2 Jan 2012

Can the SAT be gamed? (Part I)

Submitted by Karl Hagen
In December, the New York Times had a "Room for Debate" piece called Why Does the SAT Endure? The viewpoints expressed include those of two psychometricians, a college admissions officer, someone working for a test-prep company, and an education policy wonk. Taken together, the pieces didn't constitute much of a debate, but the introduction to the discussion poses the question of why the SAT is still around if, as its critics say, it can be gamed.
31 Dec 2011

If not this, then what?

Submitted by Karl Hagen
Standardized tests in general, and the SAT in particular, get a lot of bad press. Companies like Princeton Review build their entire marketing strategy on trash talk about how horrible the test is. Organizations like Fair Test campaign for abandoning the use of the SAT (and the ACT) in college admissions, claiming that it is both biased and ineffective.
3 Jun 2011

Hyphens are your friend

Submitted by Karl Hagen
This morning's google news served up a nice crash blossom, courtesy of the Times Daily: "Racist language bill passes" When I first saw the headline, I thought it was an editorial inveighing against some bill about language that happened to be racist, rather than a bill about racist language, which, on reading the article, I find to be the intended interpretation.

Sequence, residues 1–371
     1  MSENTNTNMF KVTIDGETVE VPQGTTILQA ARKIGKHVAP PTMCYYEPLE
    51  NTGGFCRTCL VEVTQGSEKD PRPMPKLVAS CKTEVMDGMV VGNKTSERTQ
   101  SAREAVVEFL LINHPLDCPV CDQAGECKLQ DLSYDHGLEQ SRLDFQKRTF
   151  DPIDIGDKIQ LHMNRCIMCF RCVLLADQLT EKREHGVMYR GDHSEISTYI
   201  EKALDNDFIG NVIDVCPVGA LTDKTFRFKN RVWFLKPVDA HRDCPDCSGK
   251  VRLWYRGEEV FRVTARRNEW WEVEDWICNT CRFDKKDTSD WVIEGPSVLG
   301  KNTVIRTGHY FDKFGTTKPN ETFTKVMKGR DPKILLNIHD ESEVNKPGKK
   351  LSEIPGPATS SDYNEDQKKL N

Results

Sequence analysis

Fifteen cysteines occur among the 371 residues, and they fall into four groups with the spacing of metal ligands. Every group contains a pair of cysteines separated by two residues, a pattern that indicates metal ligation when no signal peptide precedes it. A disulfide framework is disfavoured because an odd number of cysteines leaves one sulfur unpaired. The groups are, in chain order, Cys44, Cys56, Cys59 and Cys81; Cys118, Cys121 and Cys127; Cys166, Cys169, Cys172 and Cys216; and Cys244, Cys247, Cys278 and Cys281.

27 Mar 2011
The issue of the Oxford comma has come up several times at Language Log, with some very amusing examples of the consequences of omitting the comma before and. See this magazine cover, the October 2010 issue of Tails, isn't just missing the final comma but all the commas in the series.

It reads (linebreaks original),

EAT,
RAY,
LOVE

15 Mar 2011

Woruldhord

Submitted by Karl Hagen
Topic: 
For those interested in Old English or Anglo-Saxon culture, a fantastic resource has just been released: the Woruldhord Project. There is a lot of interesting stuff there, especially if you're teaching Old English. I found the Oxford English Faculty Exam papers particularly interesting. They illustrate the rigorous philological focus that once was the norm in the field but which now has been supplanted by other concerns.

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